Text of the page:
Cross Country: Likhite finds Evanston is where the heart is

John Paschall

Timing has been everything for April Likhite.

From the smooth, paved track to the unpredictable bumps on the path of life, time has always been on the Northwestern cross-country coach’s side.

She has built a strong, improving program. Twice.

She has pushed every runner she has coached to her limit. And then some.

But before she became the heart of the NU cross-country program, she had her own success at the college level.

Then known as April Ecke, she was an All-American in 1993 and was named SEC Student-Athlete of the Year in 1995. She still holds Mississippi State records in the 3,000-meter outdoor and 5,000-meter indoor and outdoor events.

With these tremendous academic and athletic accomplishments came a scholarship for Likhite, which enabled her to go to graduate school.

But the wear and tear of racing took a toll on the Bulldogs star. She was even granted a fifth year for indoor/outdoor track at Mississippi State but was unable to due to injury.

She knew her professional aspirations were over.

The Deep South

Likhite closed the chapter on her stellar cross-country career and headed to Tuscaloosa, Ala.

While she enjoyed her time as a graduate assistant at Alabama, Likhite still wasn’t quite sure that coaching cross-country at the college level was right for her.

“At that point, I wasn’t convinced that was what I wanted to do,” Likhite said. “I always saw myself teaching or even coaching at the high school level.”

Then, another door opened.

She found a similar position at the University of Alabama-Birmingham, a strong program in Conference USA. And she timed it just right.

“I was hired initially as an assistant coach,” Likhite said. “Only to have the head coach resign right after I got there.”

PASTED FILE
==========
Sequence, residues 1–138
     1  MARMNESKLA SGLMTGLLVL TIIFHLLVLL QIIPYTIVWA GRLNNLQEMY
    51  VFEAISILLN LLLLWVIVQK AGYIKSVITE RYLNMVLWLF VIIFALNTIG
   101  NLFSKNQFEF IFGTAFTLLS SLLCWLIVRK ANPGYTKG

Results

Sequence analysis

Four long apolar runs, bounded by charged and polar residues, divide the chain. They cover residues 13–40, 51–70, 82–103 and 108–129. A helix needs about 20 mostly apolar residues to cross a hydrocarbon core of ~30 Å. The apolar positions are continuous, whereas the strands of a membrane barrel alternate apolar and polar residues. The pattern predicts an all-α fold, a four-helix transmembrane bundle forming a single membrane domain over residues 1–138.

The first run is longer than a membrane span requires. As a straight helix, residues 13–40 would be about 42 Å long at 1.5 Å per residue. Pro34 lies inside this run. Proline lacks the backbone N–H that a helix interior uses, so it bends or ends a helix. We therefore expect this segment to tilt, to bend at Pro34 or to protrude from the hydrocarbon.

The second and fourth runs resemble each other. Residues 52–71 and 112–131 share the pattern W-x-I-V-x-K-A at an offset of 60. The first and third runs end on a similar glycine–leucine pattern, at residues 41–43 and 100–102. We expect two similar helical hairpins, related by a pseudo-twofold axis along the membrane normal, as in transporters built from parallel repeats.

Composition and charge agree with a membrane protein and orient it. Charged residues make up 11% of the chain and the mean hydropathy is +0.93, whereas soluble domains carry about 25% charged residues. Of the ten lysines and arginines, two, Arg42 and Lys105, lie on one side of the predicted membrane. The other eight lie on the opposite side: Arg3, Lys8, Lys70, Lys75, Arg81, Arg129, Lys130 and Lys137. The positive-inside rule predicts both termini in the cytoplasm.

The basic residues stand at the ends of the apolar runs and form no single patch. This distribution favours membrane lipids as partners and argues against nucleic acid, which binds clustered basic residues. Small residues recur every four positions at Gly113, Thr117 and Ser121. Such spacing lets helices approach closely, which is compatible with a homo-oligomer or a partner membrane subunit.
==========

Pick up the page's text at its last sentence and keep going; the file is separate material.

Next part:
Likhite wasn’t even sure if she was ready to take on the role of a head coach at the Division I level. But she took on the job and lasted only one fall in Birmingham.

Resurrecting a Program

Travel almost 700 miles directly north from Birmingham and you will reach Evanston, Ill, home of the Northwestern Wildcats. NU boasts a strong academic program, close proximity to one of the country’s finest cities and a Division I sports program in a major conference. But there was an issue for cross-country athletes who wanted to run at Northwestern: There was no varsity program.

The men and women’s cross-country and track programs were demoted to the club level after the 1987 season. The women’s cross-country team was only a year removed from a second-place Big Ten finish and a top 20 ranking in the Division I poll. NU’s director of relations at the time, Ken Wildes, cited a decrease in attendance at football games as a reason why the athletic department had to start cutting programs. It was a classic case of increase in expenses and decrease in revenue. Someone had to take the fall.

There would be no 1988 season for the Cats’ cross-country and track teams.

The program remained buried at the club level until a fall morning in 1997, when then-president Henry Bienen announced to the press that women’s cross-country was coming back to the varsity level.

Their first step? Hire a coach.

Going Back Home

Likhite grew up in Wisconsin and is a Midwesterner at heart. So what was she doing down in the Sun Belt?